The Philosopher as a Young Madman

Each day that I remain trapped in the garbage I forget a little more what it is to cross the line…
…..– Nick Land, A Thirst for Annihilation

There’s a madman inside me and he’s hacking away, hacking and hacking until he strikes the final discord. Pure annihilation, as distinguished from lesser, muddier annihilations. Nothing to be mopped up afterwards.
…..– Henry Miller, Black Spring

Hell yea, might as well admit it: there came a point in my life when I entered that zone of no return, when I dipped below the register of custom and convention, when I exited the cage of the Human Security System and went totally bonkers. Yet, for some reason I worked through it, discovered in the great push to know things, to know God, to know the Absolute meaning of Life; all the bullshit and crapology of a typical madman…  yet, through it all there was something in me that kept me anchored, some apotropaic charm that defended me from myself, allowed me to annihilate my earlier selves and walk away unscathed, thought tinged and scorched by the torch of the Abyss.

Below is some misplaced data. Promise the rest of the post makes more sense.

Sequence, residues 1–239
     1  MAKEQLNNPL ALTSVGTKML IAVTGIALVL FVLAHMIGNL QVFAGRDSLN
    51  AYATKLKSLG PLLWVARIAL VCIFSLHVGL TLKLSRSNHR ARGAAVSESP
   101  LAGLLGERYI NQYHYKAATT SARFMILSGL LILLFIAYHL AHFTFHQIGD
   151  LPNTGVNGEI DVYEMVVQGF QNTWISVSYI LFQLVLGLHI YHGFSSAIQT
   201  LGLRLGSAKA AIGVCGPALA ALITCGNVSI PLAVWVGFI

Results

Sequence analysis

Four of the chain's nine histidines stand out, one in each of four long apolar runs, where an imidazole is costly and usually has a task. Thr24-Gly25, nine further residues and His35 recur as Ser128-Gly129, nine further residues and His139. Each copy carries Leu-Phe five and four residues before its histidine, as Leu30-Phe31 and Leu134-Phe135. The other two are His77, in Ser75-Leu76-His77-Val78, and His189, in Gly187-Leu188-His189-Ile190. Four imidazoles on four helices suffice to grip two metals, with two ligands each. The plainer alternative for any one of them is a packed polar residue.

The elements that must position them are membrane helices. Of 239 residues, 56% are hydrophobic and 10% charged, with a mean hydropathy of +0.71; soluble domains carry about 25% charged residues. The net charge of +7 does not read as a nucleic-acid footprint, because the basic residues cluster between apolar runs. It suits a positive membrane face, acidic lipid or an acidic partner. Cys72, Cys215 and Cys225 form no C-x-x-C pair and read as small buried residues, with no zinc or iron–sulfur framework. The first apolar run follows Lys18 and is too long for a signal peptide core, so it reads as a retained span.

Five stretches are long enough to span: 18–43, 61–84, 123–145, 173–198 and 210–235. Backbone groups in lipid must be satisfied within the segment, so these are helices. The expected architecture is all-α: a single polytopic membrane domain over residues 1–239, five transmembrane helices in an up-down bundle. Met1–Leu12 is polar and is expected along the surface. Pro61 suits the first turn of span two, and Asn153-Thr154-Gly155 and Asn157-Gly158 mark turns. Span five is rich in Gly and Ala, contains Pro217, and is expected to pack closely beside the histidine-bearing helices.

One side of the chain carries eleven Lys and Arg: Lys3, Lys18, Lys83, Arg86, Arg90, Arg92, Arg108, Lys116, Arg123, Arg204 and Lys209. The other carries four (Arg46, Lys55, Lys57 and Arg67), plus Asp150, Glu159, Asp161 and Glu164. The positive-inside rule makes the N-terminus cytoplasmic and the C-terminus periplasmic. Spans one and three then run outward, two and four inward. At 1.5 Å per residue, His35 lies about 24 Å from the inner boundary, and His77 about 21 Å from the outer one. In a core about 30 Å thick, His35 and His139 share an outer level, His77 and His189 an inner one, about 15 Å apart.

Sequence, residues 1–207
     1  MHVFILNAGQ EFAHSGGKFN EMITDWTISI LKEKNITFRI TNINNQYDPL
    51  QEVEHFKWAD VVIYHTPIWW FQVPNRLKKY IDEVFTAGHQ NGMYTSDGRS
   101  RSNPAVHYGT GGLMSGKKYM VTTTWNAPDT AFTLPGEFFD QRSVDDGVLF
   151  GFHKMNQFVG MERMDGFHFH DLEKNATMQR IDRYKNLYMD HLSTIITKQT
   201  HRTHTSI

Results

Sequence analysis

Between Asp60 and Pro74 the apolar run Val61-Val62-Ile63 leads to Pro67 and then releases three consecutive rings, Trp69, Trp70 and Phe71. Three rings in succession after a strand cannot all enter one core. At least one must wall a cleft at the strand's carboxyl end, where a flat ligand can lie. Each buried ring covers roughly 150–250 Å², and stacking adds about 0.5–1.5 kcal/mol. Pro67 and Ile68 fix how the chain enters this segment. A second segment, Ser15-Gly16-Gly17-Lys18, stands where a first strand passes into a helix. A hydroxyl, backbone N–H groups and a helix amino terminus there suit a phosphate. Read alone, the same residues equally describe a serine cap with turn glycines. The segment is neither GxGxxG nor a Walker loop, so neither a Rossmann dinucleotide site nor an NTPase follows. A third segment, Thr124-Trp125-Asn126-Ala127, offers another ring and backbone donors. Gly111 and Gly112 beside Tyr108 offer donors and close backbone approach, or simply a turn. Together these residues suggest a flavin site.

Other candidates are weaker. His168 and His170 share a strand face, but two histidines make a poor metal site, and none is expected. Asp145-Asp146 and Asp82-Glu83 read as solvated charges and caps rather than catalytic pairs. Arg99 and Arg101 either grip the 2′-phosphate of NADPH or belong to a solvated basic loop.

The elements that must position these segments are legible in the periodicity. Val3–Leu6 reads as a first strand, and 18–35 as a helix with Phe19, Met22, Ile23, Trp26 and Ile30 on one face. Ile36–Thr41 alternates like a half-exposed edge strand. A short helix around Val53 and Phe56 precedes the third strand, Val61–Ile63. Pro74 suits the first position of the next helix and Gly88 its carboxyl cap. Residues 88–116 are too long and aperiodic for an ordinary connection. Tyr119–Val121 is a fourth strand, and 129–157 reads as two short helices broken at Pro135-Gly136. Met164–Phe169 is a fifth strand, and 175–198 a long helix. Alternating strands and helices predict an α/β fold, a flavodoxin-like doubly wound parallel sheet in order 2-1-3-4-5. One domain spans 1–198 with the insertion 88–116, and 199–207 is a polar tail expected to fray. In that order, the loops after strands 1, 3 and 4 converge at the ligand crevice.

Then I became godless and free, and like Henry Miller: a “Happy Chinaman!” One of those happy campers of the street, who like the troubadours of another ear wandered the among the worlds singing of pain and love. The laughter of goats, a sarcastic crap-artist a la P.K. Dick – a sort of psychotic druggy who’d pushed passed the barriers, entered the Abyss and discovered he and the abyss were one and singular. Taken my “night journey” down the rabbit hole and come out the other side if not clean as a whistle, at least a changed man… what else could one ask for? A tattoed man in reverse: the markings were rippling across time and space like a serpent with wings, hopping between the voids like a thought of being… Nietzsche’s “laughter of the gods!”. A post-nihilistic rocket-man with neary an axe to grind, but a lot of questions still unanswered. A Hessean Steppenwolf wandering the freezones of some parallel timeline… in search of strangeness.